I’ll be fairly brief as I consider this week’s batch of chapters of Their Eyes Were Watching God. This is partially because I’m pushed for time and partially because, while I found much to like in chapters 10 – 16 (how nice to see Janie living and loving!), I haven’t come up with much to say that isn’t beating the same drum I beat last week. So for starters, I’ll just note a few phrases (some downright aphoristic) I’ve found really delightful and in so doing let the book speak for itself:
- Several people in the book say they’d rather be “shot with tacks” than perform some action they fear they might be expected to perform.
- Early in their courtship, Tea Cake says to Janie, “Look lak we done run our conversation from grass roots tuh pine trees.”
- When Pheoby has resolved to speak to Janie about Tea Cake, she knows she can’t just walk straight over to Janie’s house, so she meanders down the street stopping at several porches and “going straight by walking crooked.”
- Pheoby, assuring Janie that she won’t spread gossip: “Ah jus lak uh chicken. Chicken drink water, but he don’t pee-pee.”
- Tea Cake’s letter summoning Janie to Jacksonville asks her to “hurry up and come because he was about to turn into pure sugar thinking about her.”
- After waiting all night for Tea Cake to return from his gambling: “Daylight was creeping around the cracks of the world.”
It strikes me that many of the colloquial phrases I find so appealing are very concrete, even metaphoric insofar as they turn abstract things into observable phenomena. I wonder what, if any, relationship this may have to the notion I’ve expressed previously of a newborn culture following the available templates. Such phrases surely seem to be happy innovations, if they stick at all close to any template.
And now a few questions, things I took note of but haven’t really thought through yet. Maybe something here will spark some conversation (maybe not). I promise these aren’t supposed to be self-consciously coy leading questions that I think there are necessarily good answers to. They’re just things that popped into my head.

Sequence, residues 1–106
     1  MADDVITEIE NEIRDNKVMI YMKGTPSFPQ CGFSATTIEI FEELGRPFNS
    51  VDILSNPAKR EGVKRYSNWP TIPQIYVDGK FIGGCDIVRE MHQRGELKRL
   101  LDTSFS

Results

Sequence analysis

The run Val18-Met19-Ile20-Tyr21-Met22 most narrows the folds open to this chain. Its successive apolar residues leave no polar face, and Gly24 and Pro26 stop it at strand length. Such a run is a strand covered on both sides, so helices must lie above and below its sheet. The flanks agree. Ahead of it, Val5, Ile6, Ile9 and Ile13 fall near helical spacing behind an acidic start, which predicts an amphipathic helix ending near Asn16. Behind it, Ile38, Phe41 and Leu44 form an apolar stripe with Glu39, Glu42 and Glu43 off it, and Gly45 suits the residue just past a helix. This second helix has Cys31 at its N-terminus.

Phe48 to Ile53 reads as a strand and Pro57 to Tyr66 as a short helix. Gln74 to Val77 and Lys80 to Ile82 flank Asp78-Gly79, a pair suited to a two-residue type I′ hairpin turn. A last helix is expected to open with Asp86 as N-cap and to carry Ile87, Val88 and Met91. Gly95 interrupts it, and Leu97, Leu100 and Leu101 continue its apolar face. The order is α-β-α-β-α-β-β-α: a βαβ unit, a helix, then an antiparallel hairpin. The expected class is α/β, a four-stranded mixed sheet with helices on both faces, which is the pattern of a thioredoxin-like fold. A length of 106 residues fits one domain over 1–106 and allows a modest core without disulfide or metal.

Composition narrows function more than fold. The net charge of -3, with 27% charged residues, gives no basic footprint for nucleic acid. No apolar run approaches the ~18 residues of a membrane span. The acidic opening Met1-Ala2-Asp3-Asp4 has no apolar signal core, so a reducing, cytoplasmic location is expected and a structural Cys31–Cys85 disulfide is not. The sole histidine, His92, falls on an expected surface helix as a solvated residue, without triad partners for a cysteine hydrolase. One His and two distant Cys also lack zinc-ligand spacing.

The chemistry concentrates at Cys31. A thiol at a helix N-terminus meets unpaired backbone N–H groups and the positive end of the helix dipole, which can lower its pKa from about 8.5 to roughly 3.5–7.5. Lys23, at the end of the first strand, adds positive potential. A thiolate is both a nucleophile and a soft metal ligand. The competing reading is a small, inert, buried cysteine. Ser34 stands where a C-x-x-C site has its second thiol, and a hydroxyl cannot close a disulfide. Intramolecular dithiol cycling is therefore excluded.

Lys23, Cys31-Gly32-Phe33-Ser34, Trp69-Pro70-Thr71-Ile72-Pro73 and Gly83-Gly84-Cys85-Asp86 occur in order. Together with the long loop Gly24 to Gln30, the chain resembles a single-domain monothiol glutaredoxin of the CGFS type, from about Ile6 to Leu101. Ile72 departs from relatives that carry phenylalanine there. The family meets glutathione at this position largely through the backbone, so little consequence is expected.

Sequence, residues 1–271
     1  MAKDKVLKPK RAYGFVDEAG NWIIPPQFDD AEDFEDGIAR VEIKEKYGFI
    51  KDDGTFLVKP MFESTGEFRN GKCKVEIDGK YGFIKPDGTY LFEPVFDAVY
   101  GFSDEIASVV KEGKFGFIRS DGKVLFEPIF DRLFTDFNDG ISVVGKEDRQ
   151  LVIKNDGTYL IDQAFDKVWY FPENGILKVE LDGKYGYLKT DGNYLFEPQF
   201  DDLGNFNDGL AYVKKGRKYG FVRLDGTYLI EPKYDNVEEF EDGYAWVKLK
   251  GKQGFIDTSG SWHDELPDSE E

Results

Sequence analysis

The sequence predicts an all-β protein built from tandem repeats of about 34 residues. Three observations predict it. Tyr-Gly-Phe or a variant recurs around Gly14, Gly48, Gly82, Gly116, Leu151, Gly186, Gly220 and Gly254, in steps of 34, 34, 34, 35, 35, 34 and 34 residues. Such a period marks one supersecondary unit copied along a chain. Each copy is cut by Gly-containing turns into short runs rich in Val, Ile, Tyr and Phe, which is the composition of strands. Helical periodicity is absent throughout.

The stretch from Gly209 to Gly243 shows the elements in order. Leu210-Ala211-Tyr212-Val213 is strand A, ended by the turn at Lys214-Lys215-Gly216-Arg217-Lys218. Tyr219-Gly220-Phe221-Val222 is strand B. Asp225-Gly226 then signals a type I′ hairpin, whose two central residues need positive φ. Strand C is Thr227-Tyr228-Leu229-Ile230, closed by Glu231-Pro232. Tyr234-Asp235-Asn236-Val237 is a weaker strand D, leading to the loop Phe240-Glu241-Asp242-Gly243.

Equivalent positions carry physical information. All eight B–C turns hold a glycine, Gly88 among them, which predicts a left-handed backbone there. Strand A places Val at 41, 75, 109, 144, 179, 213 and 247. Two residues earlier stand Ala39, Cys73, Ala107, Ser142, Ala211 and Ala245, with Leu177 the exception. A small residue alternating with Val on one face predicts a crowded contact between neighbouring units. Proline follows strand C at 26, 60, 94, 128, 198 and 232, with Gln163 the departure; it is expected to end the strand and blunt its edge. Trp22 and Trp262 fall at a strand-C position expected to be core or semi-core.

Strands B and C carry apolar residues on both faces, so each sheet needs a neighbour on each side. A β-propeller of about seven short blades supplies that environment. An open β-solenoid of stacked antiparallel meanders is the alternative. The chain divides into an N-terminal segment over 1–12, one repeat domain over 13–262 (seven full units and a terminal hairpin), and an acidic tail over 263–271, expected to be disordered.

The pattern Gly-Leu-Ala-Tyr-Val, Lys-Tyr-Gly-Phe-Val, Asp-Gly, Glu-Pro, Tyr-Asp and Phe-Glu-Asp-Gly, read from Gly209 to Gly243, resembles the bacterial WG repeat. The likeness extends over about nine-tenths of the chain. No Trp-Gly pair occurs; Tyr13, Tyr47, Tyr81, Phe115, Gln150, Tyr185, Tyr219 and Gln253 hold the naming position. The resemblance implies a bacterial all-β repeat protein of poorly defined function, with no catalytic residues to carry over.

- Is there any comparison to be made between the relationship between Tea Cake and Janie and that of Logan and a Young Janie? That is, the terms of the age gap have been swapped; Janie is now the December of the relationship rather than the May. Are there ways in which age and experience play a role in the ways the relationships work? Is there room for comparison somehow of Janie to Logan Killicks (probably not)?
- Late in chapter 12, we have a meditation by Janie on marriage and in particular on how black women born in slavery viewed sitting up on a high chair like white women (which Joe forced Janie into). What would marriage have meant to recently freed slaves and to their grandchildren? It’s another white institution, something they had been told they had to do or go to Hell, I suppose. I feel like there must be some nuance here, some mingling of the old traditions with the white traditions, some meaning to it all external to the play-acting of performing the ceremony itself. Would marriage have been a sign of freedom?
- I wonder what a close comparison of the Widow Tyler’s return to Maitland to that of Janie’s as the book opens would turn up.
- As Tea Cake and Janie settle down in the muck, their house becomes the center of their community’s activity. Does this set up something of an equivalence between Tea Cake and Joe, vibrant men around whom industry and community culture centered? If so, can we take solace in the distinction that where Joe applied a sort of brute force to accomplish such a centering, it springs up naturally around the easy-going and likable Tea Cake?
- Are the longer paragraphs that close chapter 16 out of line with the tone of the rest of the book so far? They registered with me as more preachy, had more the feel of the narrator intruding editorially and directly than what we’ve read so far.